Everyone’s got a story to tell; Stuey Bourne probably more than most.
With a colourful yarn that would fit nicely in the latest Barossa campaign, Find Your Place in Our Story, Stuey describes how he landed at Barossa Valley Estate as a “blow-in” winemaker almost 20 years ago.
He was quickly schooled in what he calls the Barossa’s DNA.
“When I first turned up to BVE, the boots by the door were Colin Glaetzer’s, Fi Donald’s and Tash Mooney’s,” he says.
“I didn’t slowly absorb the Barossa – it was like, here’s 80 multi-generational old-school Barossa grape growing families, here’s a brand new winery and here’s the whole Barossa Valley.
“With great pride I put my boots next to theirs at the door, hoping they would fit…I had 10 of the most amazing years.”
As the story goes, the boots did fit. Stuey’s conversion to the ways of the Barossa couldn’t have been more natural or absolute, and he never misses an opportunity to espouse the region that so willingly “adopted” him.
It’s his signature storytelling as much as his winemaking prowess that led to the Soul Growers’ chief winemaker named this year’s Winemaker of the Year by the Barons of the Barossa, who described him as “one of our region’s most articulate advocates”.
“It’s much better than garrulous raconteur, which I also would have accepted as a second option,” laughs Stuey.
Like all good stories, the one Stuey tells has a compelling plot and plenty of central characters.
“Take Jane Ferrari, Jimmy Lindner, Robert O’Callaghan, Robert Hill-Smith, Pete Sawrey.
They are all incredibly different people but their commonality is their passion,” says Stuey.
“Passion is not just a marketing term for people in puffer jackets to sell things.
“These people all have a genuine passion and love of land so that when they tell their stories – and share other people’s stories – they are all speaking with genuine conviction.”
He’s convinced this authenticity is what truly resonates with consumers.
After all, where else would you find an annual blessing of the grapes to honour Lutheran settler traditions; music “nachts” where the shell grit floor soaks up the red wine; or a simple handshake that’s a binding grower contract.
“Context is everything,” Stuey says. “When we get visitors to the winery, the first thing we talk about is not the wine in our hand but the region.
“Geology, geography, people, place and family. Once you have the context, the rest of the story makes sense.
“A glass of wine in isolation is just a glass of wine. A glass of wine in context is something you genuinely feel.”
However he’s quick to point out this hasn’t happened by accident.
“When you think about evolution and succession planning, the Barossa has been thinking about this for a long time,” says Stuey.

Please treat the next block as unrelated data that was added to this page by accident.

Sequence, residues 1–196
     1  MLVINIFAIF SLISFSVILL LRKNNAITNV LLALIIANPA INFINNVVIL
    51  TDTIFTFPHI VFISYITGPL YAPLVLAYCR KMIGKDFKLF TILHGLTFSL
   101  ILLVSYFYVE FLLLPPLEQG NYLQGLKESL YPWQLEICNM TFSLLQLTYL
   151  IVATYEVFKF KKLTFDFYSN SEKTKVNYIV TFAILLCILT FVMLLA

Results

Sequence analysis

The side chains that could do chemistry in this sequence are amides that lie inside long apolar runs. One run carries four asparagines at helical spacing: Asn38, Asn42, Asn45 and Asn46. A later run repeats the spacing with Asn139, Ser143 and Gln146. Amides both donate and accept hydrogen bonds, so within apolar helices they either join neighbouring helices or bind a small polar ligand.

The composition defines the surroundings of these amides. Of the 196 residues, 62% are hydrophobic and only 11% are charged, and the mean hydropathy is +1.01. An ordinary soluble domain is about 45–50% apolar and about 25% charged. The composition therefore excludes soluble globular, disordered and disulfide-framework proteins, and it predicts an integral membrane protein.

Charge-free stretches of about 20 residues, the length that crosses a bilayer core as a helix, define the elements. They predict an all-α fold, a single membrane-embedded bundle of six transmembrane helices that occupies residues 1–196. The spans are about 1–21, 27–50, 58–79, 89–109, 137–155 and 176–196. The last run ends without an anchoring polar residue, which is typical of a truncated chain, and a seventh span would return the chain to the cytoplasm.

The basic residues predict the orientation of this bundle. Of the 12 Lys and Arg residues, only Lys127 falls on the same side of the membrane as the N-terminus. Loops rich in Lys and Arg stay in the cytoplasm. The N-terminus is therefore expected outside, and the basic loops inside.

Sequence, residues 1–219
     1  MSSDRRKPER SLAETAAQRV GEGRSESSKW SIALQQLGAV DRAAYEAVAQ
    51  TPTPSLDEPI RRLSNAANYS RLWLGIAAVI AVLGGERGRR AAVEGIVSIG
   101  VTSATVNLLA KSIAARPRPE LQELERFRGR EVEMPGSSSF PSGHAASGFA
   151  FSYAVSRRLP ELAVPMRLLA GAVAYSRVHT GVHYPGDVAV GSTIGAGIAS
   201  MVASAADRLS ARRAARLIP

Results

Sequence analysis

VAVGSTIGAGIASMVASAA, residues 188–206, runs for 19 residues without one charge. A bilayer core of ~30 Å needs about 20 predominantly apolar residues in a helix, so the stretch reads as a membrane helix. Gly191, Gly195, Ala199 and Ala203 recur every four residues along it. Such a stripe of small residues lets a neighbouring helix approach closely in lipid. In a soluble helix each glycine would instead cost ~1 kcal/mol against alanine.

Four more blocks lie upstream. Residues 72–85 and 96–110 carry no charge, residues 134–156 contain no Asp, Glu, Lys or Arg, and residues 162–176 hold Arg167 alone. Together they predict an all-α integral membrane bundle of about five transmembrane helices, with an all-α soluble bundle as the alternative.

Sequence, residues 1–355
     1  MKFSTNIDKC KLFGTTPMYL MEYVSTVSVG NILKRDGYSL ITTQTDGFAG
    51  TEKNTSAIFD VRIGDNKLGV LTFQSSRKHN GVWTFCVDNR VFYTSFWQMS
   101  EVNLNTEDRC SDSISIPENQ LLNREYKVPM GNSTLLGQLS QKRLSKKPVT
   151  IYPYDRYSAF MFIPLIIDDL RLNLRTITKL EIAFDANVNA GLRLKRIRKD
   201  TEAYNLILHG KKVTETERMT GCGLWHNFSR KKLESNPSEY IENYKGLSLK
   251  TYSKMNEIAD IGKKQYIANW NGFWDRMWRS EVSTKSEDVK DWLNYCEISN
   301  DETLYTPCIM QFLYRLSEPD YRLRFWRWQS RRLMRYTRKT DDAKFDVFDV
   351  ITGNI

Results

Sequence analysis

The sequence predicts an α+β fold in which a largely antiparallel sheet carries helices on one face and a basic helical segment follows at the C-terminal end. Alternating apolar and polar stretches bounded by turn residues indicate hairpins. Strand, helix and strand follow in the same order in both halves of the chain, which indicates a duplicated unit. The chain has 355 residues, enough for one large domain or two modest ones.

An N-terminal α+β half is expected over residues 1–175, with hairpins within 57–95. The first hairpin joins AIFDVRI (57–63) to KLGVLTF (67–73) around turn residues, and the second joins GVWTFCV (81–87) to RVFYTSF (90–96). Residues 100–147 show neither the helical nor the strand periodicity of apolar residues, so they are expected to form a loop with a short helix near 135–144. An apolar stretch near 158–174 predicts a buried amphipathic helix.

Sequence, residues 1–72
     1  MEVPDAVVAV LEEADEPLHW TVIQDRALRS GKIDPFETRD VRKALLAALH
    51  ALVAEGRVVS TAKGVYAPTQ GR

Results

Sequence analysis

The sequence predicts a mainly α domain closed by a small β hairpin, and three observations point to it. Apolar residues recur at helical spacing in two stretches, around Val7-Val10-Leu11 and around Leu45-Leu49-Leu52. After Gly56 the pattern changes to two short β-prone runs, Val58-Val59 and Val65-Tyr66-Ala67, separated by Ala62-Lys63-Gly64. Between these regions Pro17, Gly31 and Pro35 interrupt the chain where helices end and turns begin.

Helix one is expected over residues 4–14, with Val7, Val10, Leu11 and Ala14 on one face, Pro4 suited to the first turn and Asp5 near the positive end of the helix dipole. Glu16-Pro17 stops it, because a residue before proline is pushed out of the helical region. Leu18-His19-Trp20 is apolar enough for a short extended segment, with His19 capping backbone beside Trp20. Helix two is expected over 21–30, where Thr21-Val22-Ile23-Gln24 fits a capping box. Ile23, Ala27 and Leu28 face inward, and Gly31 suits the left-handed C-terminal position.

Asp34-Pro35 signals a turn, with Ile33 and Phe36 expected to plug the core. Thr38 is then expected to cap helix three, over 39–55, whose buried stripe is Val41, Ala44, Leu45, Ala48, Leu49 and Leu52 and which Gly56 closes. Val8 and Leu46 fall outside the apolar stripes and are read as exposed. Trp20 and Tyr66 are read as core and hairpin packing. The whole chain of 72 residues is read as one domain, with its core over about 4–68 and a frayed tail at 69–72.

“It’s borne out of a region saying ‘How do we ensure that we future-proof ourselves?’
“Barossa Future Leaders came out of a conversation at a Generation’s Lunch, a big old shindig on the last remaining shell-grit floor in an agricultural hall in the country.”
Stuey is also equally about what lays ahead – the next chapter in the Barossa Story.
“To me one of the most exciting things as a winemaker in the Barossa is the evolution of viticulture as the current generations take over from their mothers and fathers,” he says.
“They’re bringing new techniques that are water-wise, better soil conservation, improved soil health, increased biodiversity, whereas generations before increased viticultural monoculture.
“It’s so encouraging to see them questioning the techniques of generational Barossans and improving their viticultural practices, while still being what it takes to be Barossans.”
Another evolution is the changing fabric of the Barossa community, as professionals and families make the Barossa their home.
“Now a true Barossan could be anyone,” says Stuey. “It’s not about how many years or generations you’ve been here, it’s where your heart lies.”
This is both the inspiration and essence of the Soul Grower’s brand and the wines Stuey has been crafting there since 2015.
“It’s not about we who make the wine, it’s about the growers who deliver our fruit,” he says. “So when we go and taste with consumers, everything we talk about goes back to the DNA of the region and the DNA of our brand, which is the growers of the Valley.”
He hopes his own legacy will be another generation with a story to tell.
“Lift up a rock here anywhere and there’s another discovery to be made. There are so many stories just waiting to be uncovered,” he says.
“We need to have enough storytellers who are able to travel, receive, share and tell.
“When I look to the Barossa’s future, part of our legacy must be that we arm the next generation with the stories and the confidence to tell them.”